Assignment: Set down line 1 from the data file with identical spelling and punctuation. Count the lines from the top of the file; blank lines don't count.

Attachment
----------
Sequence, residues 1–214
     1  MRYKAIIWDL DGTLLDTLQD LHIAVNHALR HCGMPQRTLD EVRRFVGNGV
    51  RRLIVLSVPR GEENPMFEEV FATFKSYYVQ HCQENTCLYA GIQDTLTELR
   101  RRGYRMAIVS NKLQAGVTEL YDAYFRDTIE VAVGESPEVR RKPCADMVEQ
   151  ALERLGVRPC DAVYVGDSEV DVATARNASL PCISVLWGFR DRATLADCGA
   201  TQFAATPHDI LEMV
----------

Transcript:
Sequence, residues 1–214